I’ve recently been exercising bragging rights about our new and improved drug price comparisons. Americans seeking medicine from Canada and other countries are finding better deals on generics right here at home. But the crisis of high drug prices in the U.S. persists when it comes to brand medications. Recent price research by the Journal of the American Medical Association shows that brand name drug prices have increased by 76% over just the past six years.
This week, PharmacyChecker released new price analysis
savings for 10 popular patented drugs, comparing U.S. discounted medication
prices with those available at accredited international online pharmacies. The
average discount from Canadian pharmacies is 75%. If ordering from farther abroad,
That’s right, folks. There’s no need to buy online and import from Canada, or even from India, to save money when it comes to most commonly dispensed generic drugs.
researched prices of the 40 most commonly dispensed generic drugs in the
U.S. to compare them to ones offered at accredited pharmacies in Canada. Four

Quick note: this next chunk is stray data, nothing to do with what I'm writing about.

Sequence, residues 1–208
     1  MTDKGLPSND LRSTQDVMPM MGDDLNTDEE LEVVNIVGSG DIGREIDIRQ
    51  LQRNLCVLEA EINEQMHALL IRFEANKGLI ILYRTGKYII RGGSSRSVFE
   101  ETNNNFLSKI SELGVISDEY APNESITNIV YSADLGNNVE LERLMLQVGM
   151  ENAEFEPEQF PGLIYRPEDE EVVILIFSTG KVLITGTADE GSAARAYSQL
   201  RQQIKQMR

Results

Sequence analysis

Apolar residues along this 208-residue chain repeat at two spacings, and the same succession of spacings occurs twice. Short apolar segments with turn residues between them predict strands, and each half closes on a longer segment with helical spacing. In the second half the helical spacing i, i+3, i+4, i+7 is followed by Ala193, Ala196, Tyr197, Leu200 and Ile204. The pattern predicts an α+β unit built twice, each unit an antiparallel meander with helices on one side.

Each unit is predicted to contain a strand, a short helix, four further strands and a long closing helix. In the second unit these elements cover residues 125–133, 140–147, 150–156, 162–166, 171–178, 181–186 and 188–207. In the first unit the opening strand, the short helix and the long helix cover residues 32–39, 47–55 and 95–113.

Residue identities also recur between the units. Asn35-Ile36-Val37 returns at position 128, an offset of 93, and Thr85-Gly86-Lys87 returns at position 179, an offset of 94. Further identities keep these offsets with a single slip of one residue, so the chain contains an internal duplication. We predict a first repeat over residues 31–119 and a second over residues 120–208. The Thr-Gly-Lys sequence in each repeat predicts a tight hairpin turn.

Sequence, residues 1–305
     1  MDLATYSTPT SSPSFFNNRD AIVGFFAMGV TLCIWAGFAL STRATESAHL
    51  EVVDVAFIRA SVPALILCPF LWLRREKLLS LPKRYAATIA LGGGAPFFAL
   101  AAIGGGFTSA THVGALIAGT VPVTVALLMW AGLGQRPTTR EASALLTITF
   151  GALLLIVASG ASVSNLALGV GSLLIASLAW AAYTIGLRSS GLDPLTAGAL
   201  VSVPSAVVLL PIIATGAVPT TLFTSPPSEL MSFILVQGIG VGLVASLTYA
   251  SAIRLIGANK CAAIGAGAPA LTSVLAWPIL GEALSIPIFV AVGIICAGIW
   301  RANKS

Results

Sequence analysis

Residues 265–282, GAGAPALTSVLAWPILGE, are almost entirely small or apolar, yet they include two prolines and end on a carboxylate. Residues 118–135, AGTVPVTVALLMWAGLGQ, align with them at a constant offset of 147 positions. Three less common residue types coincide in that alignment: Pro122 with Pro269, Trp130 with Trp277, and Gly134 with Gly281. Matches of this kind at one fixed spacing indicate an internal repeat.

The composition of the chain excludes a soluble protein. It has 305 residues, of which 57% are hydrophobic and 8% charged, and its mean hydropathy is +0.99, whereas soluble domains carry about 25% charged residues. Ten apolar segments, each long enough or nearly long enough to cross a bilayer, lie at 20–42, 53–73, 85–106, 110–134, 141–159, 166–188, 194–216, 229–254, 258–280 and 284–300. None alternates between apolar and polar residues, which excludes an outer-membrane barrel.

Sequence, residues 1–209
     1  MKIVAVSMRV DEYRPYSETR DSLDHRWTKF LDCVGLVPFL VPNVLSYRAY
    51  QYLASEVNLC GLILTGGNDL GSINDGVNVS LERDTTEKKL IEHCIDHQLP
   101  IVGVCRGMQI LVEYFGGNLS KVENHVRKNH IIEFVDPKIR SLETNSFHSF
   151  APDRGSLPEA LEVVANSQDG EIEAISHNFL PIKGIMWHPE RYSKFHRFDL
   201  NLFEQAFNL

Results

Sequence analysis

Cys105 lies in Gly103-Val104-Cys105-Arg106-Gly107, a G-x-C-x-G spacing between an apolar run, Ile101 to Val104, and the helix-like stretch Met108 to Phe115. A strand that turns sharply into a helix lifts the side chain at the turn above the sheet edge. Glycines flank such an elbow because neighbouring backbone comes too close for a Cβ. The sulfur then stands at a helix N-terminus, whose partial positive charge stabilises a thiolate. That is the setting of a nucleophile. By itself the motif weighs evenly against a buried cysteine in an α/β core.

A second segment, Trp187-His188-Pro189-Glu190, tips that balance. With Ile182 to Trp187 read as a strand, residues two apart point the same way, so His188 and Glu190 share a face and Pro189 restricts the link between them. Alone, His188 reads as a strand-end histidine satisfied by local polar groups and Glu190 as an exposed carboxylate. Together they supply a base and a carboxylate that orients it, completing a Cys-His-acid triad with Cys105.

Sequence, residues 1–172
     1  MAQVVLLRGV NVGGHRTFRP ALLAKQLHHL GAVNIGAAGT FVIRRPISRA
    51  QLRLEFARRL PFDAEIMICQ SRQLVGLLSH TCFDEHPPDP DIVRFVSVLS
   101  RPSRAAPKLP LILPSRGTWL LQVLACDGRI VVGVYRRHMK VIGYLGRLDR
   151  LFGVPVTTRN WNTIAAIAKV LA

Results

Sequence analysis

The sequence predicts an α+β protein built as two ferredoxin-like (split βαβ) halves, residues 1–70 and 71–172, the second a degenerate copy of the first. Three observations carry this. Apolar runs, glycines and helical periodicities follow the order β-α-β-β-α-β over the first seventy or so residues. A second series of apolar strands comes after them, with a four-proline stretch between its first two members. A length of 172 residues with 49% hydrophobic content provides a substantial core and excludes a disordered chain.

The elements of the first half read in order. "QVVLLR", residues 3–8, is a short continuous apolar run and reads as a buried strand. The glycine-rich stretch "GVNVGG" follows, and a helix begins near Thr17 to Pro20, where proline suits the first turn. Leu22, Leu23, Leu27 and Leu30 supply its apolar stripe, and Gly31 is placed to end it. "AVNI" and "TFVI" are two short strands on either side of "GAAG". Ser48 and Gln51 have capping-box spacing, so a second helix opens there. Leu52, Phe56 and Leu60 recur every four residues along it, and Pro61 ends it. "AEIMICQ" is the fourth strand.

of the generics are controlled drugs, which are not available to U.S. consumers
from PharmacyChecker-accredited international online pharmacies; and two of
them are not available in Canada. Out of
the 34 drugs we compared prices on, 88% were cheaper in the U.S. than in Canada
and at an average savings of 68%.
Forcing price transparency in drug ads, proposing international reference pricing for Medicare Part B, and even drug importation can all be found in President Trump’s lunchbox of policy ideas to take on the drug companies, who are “getting away with murder.”
Huh, am I dreaming?
Is Donald Trump really a Republican? Is former Eli Lilly President Alex Azar, now HHS Secretary, really advocating such radical ideas, such as importation, against his pharma friends? Scott Gottlieb, our free-market fanatic FDA Commissioner is crusading against high drug prices, too: winner of Patients for Affordable Drugs Price Fighting Hero Award!
Pinch me. Am I awake?
I am awake and I’m not fooled by this subtle, probably well planned out public relations defense against the progressive and populist tide, which includes Republicans and Democrats. Forget importation this week: 92% of Republican and 96% of Democratic voters support ending the ban on Medicare negotiating drug prices. Finally, the country is united!
Ending the ban on Medicare price negotiations could bring down prices for drugs in all of Medicare.
But Alex Azar’s proposal to reduce drug prices in Medicare